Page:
Unit 3 Addition and subtraction. Year 2 Autumn term Unit Objectives. Link Objectives. Five daily lessons. Year 2. Resources needed to teach this unit:


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1 Unit 3 Addition and ion Five daily lessons Year 2 Autumn term Unit Objectives Year 2 Extend understanding of the operations ition and ion. Use and begin to read the related vocabulary. Use the +,  and = signs to record mental itions and ions in a number sentence, and recognise the use of a symbol such as? or? to stand for an unknown number. Recognise that ition can be done in any order but not ion: for example, = , but 21 3? Use knowledge that ition can be done in any order to do mental calculations more efficiently. For example: put the larger number first and count on in tens or ones. Add/ 9 or 11: / 10 and adjust by 1. Explain how a problem was solved orally and, where appropriate in writing. Link Objectives Year 1 Year 3 Understand the operation of ition, and of ion (as take away, difference, and how many more to make ), and use the related vocabulary. Begin to recognise that ition can be done in any order. Begin to use the +,  and = signs to record mental itions and ion in a number sentence, and recognise the use of a symbol such as? or? to stand for an unknown number. Add 9 to singledigit numbers by ing 10 then ing 1. Use knowledge that ition can be done in any order to do mental calculations more efficiently. Explain methods and reasoning orally. Pages 25, 29 Page 33 Page 35 Page 65 Extend understanding of the operations of ition and ion, read and begin to write the related vocabulary, and continue to recognise that ition can be done in any order. Use the +,  and = signs. Add and mentally a near multiple of 10 to or from a twodigit number by ing or ing 10, 20, 30 and adjusting. Use knowledge that ition can be done in any order to do mental calculations more efficiently. Explain methods and reasoning orally and, where appropriate, in writing. This Unit Plan is designed to guide your teaching. You will need to adapt it to meet the needs of your class. Resources needed to teach this unit:?? Activity 3.1?? Activity 3.2?? Bead string (or OHT 3.1)?? Interactive teaching program Number facts (or OHP and counters)?? Number line to 20?? Class hundred square?? Whiteboards?? Coat hanger with 14 pegs?? Tin?? 10p and 1p coins?? Twodigit numbers on cards?? Coloured pencils Also see Models and Images Charts:?? Understanding ition and ion;?? Counting on and back in ones and tens;?? Addition and ion facts to 20. (Key objectives in bold)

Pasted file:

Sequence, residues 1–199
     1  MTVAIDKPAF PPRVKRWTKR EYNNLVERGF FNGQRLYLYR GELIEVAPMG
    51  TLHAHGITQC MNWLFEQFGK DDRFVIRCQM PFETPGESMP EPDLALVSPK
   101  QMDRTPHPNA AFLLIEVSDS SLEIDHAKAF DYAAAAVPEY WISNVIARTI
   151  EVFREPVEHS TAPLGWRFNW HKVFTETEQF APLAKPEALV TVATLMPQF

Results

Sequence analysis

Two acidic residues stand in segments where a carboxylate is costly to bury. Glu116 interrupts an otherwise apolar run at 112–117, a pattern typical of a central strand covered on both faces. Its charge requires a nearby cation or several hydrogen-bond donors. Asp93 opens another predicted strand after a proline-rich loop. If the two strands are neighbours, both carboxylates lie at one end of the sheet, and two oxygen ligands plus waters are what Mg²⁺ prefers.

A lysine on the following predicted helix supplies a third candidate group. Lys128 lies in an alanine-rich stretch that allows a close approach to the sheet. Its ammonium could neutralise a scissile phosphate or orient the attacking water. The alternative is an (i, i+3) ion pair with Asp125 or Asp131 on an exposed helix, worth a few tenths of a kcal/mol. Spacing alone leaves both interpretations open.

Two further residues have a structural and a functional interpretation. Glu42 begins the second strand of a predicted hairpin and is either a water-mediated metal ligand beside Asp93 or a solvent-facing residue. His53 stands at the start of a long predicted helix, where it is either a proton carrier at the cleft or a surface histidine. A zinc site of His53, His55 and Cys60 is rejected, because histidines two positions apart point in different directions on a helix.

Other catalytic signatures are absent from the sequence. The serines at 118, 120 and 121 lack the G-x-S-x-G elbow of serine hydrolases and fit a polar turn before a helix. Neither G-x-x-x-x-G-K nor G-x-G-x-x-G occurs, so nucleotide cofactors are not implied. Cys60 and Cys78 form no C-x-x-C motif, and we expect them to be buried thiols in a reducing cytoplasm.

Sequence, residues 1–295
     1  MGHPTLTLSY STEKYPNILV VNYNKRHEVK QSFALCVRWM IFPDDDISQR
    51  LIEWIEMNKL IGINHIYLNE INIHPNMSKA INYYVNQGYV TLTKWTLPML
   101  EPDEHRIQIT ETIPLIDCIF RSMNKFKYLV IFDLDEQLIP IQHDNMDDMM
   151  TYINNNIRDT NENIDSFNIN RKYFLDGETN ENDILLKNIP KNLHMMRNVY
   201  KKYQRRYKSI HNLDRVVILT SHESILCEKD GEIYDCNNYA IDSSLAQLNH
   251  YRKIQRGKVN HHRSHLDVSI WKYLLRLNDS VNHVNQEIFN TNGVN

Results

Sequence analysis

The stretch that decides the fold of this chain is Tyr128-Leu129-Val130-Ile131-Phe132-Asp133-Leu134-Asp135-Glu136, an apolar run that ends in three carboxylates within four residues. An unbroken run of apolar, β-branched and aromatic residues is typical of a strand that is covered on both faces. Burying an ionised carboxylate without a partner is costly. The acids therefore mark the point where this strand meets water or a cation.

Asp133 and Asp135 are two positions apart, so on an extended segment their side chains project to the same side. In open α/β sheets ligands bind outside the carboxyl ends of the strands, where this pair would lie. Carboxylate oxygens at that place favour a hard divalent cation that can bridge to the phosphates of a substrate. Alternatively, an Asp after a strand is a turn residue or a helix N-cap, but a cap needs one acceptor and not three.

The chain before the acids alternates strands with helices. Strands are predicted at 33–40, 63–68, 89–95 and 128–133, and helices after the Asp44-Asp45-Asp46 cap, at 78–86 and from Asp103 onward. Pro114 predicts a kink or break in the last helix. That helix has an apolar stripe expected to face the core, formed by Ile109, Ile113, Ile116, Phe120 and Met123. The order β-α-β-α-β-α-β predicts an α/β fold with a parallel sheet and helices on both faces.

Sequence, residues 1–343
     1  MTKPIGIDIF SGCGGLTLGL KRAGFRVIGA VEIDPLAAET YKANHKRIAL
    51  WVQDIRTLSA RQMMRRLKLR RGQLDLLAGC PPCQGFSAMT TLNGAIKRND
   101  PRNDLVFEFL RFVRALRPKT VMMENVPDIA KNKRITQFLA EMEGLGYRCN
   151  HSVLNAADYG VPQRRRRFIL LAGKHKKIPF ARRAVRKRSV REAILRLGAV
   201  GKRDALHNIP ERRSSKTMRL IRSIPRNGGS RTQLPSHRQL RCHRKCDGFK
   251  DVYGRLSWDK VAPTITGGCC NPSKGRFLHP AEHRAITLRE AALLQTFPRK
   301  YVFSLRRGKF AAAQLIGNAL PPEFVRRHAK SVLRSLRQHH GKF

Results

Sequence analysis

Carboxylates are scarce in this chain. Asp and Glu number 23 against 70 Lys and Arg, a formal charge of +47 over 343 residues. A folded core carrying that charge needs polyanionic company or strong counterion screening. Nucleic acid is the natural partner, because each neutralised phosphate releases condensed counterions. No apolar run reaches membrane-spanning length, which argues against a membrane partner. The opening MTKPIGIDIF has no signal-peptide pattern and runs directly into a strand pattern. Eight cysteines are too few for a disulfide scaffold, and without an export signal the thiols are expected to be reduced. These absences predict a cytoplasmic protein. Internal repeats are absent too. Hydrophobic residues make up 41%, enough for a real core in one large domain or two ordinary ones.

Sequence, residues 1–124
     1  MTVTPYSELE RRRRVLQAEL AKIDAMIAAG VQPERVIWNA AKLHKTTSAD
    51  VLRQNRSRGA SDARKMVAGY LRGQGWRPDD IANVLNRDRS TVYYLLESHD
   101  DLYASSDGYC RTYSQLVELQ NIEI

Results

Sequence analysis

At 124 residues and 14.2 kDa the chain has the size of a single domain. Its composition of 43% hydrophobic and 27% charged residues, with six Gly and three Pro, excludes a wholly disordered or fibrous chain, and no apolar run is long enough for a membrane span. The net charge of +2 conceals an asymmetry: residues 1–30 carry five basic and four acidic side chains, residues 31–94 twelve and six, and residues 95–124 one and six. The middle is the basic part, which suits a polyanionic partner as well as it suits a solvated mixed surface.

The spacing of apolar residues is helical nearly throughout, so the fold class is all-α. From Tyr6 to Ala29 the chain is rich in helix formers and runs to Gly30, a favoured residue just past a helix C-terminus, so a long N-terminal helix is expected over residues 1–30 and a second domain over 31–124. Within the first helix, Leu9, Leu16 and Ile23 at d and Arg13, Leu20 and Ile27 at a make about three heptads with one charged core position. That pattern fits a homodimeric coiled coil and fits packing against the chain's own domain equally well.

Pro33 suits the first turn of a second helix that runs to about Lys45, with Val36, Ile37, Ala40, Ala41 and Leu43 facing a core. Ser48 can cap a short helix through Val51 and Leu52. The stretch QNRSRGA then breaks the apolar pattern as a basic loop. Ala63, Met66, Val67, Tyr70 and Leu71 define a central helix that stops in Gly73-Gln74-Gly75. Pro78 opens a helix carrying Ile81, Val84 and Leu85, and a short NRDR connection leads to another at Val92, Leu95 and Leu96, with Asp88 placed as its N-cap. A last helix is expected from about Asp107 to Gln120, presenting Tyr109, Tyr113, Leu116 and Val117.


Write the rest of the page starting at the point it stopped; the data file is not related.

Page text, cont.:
2 Planning Day One Unit 3 Addition and ion Term: Autumn Year Group: 2 Know by heart all ition facts for each number to at least 10. VOCBAULARY plus total altogether Coat hanger and 10 pegs Show the children 5 fingers. Ask the children to show how many fingers they would need to make 10. Repeat with different numbers. Ask children to say their answers in a number sentence e.g. 5 5 equals 10. Record the children s statements on the board e.g = 10. Demonstrate using a coat hanger that ition can be done in any order. Place 10 pegs on coat hanger, 3 at one side and 7 at the other Write the calculation on the board; = 10. Turn the coat hanger round so that the 3 pegs are now on the right. Q What calculation does the coat hanger show now? Is the answer the same? If you didn t know the answer would it matter whether you started with 7 and counted on 3 or started with 3 and counted on 7? Which would be easier? Hang 2 pegs at one end and 6 at the other. Ask children to show you how many pegs there are altogether by holding up the right number of fingers. Turn the coat hanger round and repeat. Practise with other pairs with totals less than 10. Recognise that ition can be done in any order but not ion. Use +, and = signs to record mental calculations in a number ition take away ion equals altogether count on count back Coat hanger with 14 pegs Number line to 20 Hang 2 pegs on one end of the coat hanger and 12 on the other. Q How many pegs are there altogether? How did you work it out? Turn the coat hanger round. Q Does this help? Why? Reinforce that the answer to and is 14, whether you start at 2 and count on 12, or start at 12 and count on 2, but counting on a smaller number is quicker. Write the following calculations on the board: Q How would you work these out? What would you do if they were pegs on a coat hanger? Write the following calculations on the board: 12 3; 3 12 Q Do you think the answers to these will be the same? Hang 12 pegs on the coat hanger and point to Q What shall I do next? How many are left? Now hang 3 pegs on the coat hanger and point to Q What shall I do now? What will happen? How many pegs can I take off? Draw out that the biggest number of pegs you can take off is 3. Write 3 3 on the board and ask a child to complete the number sentence to confirm the answer to a take away question can be zero. Q Does 12 3 give the same answer as 3 12? Does give the same answer as ? Establish the principle that ition can be done in any order but not ion. Write calculations such as the following on the board, ask the children to write them the way round they would prefer to work them out and then to choose at least five to complete / Focus Q Which calculations did you write in a different order? Why? Write the following number sentences on the board and discuss what the missing numbers might be. 11 +? = ? = ? = ? = 16? + 1 = 15? + 2 = 19?  2 = 13?  3 = 15 Q How can we work out what has been ed to 11 to get 13? If we start with a mystery number, 1 and the answer s 15, what must the mystery number be? Help children to find the missing numbers by counting on/back on a number line. Q What two important facts have we learned today about ition and ion? Ensure children recognise that ition can be done in any order but ion can not. By the end of the lesson, children should be able to: recognise ition can be done in any order but that ion cannot, for example 4 2 is different from 2 4. (Refer to supplement of examples, section 5, pages 25 and 29.).